Mark Millar has offered his opinion on Civil War, both his comic book version and what we will be seeing in next year’s Captain America sequel.
Speaking to IGN, Millar – who wrote the Civil War series between July 2006 and January 2007 – opined how the book can translate to the big-screen and what the story was really about.
“The important thing really is the Superhero Registration Act essentially. It has nothing to do with secret identities. Weirdly, people get really hung up on the whole secret identity thing. When I was writing that book, I was thinking about having the superheroes having to expose their identities and get brought under government legislation, and then I said to Marvel, “Who’s got a secret identity?” and they said, “No one.” There’s basically Spider-Man. Everyone, even Daredevil, had given up their secret identity at this point. I was like, alright, so I made it about something else.”
“What it’s about is Iron Man feels anybody who is walking around with a nuclear reactor on their back or whatever should be under government control of some kind. They should be maybe working for the government the same way cops work for local government. And it’s sensible when you think about it. It totally makes sense. You have a license, you make sure this guy is okay, you make sure he doesn’t have a criminal record and all this kind of stuff. And it’s sensible but Captain America’s against it because he comes from a simpler time and he feels superheroes should be autonomous and not be involved in politics. It’s an ideological argument between the two, and that’s all that matters. That’s what Civil War is — it’s Iron Man vs. Captain America, and they’re both right, they’re both good guys. Because the moment you demonize one of them, then the story loses its power. You’ve got to like both of these guys, they’re both correct, and that’s why guys we like go to either side with them, too.”
In the book, Spider-Man reveals his secret identity, something that is unlikely to happen in the movie. Millar also explained Spidey’s role in the original story and how it came about.
“People remember that because it was such a good stunt. It’s a seven-issue series, which is 150 pages or something, and Spider-Man appears it it for three pages, one of which is a splash. It was such a tiny part of it. To be honest, it was just a way of boosting up our sales. We were just sitting there thinking, what can we do with Spider-Man for three pages? And that worked.”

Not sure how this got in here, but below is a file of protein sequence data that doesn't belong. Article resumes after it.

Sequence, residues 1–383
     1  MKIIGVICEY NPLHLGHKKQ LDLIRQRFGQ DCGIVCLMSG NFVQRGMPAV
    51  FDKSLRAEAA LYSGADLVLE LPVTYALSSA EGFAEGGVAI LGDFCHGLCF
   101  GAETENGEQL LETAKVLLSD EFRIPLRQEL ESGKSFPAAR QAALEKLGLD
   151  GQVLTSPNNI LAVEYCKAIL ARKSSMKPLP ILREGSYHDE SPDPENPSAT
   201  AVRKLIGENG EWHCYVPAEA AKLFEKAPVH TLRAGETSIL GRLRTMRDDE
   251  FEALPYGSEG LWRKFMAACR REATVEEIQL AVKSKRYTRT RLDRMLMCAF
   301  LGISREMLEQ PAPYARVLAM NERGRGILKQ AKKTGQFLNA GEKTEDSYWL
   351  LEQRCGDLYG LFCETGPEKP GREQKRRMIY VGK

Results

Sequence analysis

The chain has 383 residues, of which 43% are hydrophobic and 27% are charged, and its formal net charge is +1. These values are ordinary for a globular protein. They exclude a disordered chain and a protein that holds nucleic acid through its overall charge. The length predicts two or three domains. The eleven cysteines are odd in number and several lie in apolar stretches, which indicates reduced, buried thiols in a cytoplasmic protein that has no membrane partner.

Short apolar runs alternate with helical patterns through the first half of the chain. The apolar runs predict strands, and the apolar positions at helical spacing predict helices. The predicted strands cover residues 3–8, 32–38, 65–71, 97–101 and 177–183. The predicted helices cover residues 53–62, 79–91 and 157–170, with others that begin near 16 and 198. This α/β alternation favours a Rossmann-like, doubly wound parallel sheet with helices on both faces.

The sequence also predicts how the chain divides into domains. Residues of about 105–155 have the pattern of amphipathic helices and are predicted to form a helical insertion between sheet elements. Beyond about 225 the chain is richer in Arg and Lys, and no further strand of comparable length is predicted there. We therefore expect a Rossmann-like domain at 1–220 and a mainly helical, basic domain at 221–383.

Of course, the roster of characters are going to differ from book to movie, giving the restrictions Marvel have when it comes to the X-Men and Fantastic Four characters that they cannot use in their movie universe, though Millar doesn’t believe this will actually be too much of an issue, especially with the amount of characters already established heading into the superhero showdown.
“I think if you have too many characters, it would be really confusing for that same reason — comic fans will get it, but the regular viewers can handle maybe eight, maybe ten characters on screen. Avengers 2 almost had the problem, it was so many characters it was hard to keep up. So if you have 30 characters fighting, people are going to be lost.”
Captain America: Civil War picks up where Avengers: Age of Ultron left off, as Steve Rogers leads the new team of Avengers in their continued efforts to safeguard humanity. After another international incident involving the Avengers results in collateral damage, political pressure mounts to install a system of accountability and a governing body to determine when to enlist the services of the team. The new status quo fractures the Avengers while they try to protect the world from a new and nefarious villain.
Civil War stars Robert Downey Jr., Chris Evans, Paul Bettany, Jeremy Renner, Scarlett Johansson, Anthony Mackie, Elizabeth Olsen, Don Cheadle, Paul Rudd, Sebastian Stan, Frank Grillo, Chadwick Boseman, Emily VanCamp, William Hurt, Tom Holland, Daniel Brühl and Martin Freeman, and is out in the UK on 29 April 2016.